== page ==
SCIENTIA GEOGRAPHICA SINICA ›› 2012, Vol. 32 ›› Issue (12): 1481-1487.doi: 10.13249/j.cnki.sgs.2012.012.1481

• Orginal Article • Previous Articles     Next Articles

Public Perception of Climate Change and Their Support of Climate Policy in China: Based on Global Surveys and in Comparison with USA

Gen-ying CHANG(), Fu-peng HUANG, Man LI, Guo-jing LI   

  1. Key Laboratory of Western China’s Environmental (Ministry of Education), Research School of Arid Environment & Climate Change, Lanzhou University, Lanzhou, Gansu 730000, China
  • Received:2011-12-05 Revised:2012-06-18 Online:2012-12-20 Published:2012-12-20


Public opinion on climate change influences greenhouse gas emission of individuals and households and their support of climate policy. Based on five global surveys (Pew Global Attitudes Project Survey 2006, BBC World Service 2007, World Public Opinion 2009, BBC World Service and GlobeScan 2009, and World Bank 2009), this article compared public opinion on climate change and support for climate policy between China and USA. Surveys showed that about four-fifth of Chinese respondents heard about climate change and believed that human activity was a significant cause of climate change, whereas more American respondents heard about climate change and less believed that human activity was a significant cause of climate change. About two-thirds of Chinese respondents thought that climate change has already affected our life, whereas only one-third of American respondents held this view. If no actions are taken to mitigate climate change, more than four-fifths of Chinese respondents believed that future climate change will have significant, negative influences on the likelihood of natural disasters, rainfall and available water resources and the types of food, whereas American respondents had a more positive perception. Chinese respondents had greater worry about climate change than American ones, and 70% of Chinese respondents supported urgent actions to limit emission of greenhouse gases, including change in individual life style and behavior, acceptance of higher energy costs, preserving or expanding forested areas, gradual increase in fuel efficiency of automobiles and gradual reduce of government subsidies that favor private transportation, whereas less American respondents supported such actions. 90% of Chinese respondents thought that the central government should place a high priority on addressing climate change, whereas less than 50% of American respondents held this view, and more than two-thirds of both Chinese and American respondents took the view that both rich and poor countries should take measures to address climate change. Finally, future studies were discussed.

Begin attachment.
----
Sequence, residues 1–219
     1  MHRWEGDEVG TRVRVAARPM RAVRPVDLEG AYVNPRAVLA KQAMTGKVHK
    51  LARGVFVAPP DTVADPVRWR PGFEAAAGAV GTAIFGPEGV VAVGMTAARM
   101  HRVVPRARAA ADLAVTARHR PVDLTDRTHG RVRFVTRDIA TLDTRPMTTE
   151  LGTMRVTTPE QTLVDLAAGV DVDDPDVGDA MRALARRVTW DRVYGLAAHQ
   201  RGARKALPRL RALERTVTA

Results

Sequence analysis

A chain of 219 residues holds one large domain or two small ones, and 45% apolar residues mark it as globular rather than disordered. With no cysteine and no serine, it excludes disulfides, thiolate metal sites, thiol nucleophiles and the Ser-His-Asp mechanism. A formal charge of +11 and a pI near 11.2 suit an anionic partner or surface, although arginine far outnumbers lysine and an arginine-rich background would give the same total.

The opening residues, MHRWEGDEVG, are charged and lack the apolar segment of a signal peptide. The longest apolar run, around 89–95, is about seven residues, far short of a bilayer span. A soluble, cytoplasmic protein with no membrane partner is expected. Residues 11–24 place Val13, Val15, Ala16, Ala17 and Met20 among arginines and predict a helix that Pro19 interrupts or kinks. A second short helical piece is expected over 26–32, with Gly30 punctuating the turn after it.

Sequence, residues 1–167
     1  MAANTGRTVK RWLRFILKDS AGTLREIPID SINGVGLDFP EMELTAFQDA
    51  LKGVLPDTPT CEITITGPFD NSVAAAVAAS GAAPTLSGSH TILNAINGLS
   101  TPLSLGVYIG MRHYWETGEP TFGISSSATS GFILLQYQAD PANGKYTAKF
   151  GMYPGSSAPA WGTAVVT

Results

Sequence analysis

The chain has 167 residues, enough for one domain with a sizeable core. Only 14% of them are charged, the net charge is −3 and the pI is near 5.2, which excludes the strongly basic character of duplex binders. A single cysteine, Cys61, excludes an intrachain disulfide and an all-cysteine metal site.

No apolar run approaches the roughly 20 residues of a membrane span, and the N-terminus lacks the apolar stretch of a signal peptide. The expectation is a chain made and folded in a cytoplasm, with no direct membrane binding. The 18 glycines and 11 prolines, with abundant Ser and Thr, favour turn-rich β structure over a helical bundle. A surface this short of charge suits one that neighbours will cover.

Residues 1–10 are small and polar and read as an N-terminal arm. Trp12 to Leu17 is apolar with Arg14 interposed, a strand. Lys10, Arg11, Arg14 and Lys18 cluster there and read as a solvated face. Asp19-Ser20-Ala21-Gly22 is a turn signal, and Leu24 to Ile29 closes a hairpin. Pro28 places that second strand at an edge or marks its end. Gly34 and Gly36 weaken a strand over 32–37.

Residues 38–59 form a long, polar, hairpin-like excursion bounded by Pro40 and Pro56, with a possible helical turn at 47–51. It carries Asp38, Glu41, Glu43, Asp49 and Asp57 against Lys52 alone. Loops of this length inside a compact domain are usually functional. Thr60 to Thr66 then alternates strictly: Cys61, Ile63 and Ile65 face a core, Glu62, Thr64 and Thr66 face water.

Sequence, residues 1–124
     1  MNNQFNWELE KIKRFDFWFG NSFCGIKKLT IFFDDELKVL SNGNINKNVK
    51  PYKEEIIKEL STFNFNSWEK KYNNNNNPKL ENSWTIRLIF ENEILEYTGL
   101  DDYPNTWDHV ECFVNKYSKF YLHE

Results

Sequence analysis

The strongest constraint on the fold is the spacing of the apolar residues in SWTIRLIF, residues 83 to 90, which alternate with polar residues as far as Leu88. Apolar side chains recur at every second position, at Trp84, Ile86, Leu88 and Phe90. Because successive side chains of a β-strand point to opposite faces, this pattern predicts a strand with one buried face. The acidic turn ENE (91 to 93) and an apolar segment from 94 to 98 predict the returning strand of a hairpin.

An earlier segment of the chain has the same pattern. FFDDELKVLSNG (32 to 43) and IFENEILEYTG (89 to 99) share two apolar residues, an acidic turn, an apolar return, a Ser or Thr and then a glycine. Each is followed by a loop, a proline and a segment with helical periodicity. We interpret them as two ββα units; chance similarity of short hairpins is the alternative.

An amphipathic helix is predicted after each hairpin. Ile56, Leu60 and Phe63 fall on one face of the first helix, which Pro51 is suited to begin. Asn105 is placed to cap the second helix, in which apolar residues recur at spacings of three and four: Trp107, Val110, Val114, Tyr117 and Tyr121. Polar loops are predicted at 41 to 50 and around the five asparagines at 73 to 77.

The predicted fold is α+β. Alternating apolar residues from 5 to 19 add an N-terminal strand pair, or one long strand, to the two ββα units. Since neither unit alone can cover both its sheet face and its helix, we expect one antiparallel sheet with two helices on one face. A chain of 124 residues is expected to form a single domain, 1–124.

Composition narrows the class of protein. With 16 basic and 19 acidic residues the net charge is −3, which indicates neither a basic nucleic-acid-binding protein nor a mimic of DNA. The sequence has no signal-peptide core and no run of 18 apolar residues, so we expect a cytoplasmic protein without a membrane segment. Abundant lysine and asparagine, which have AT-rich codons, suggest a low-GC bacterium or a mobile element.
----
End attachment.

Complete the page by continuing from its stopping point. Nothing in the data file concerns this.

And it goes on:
Key words: public opinion on climate change, support of climate policy, questionnaire survey, China versus USA

CLC Number: 

  • X24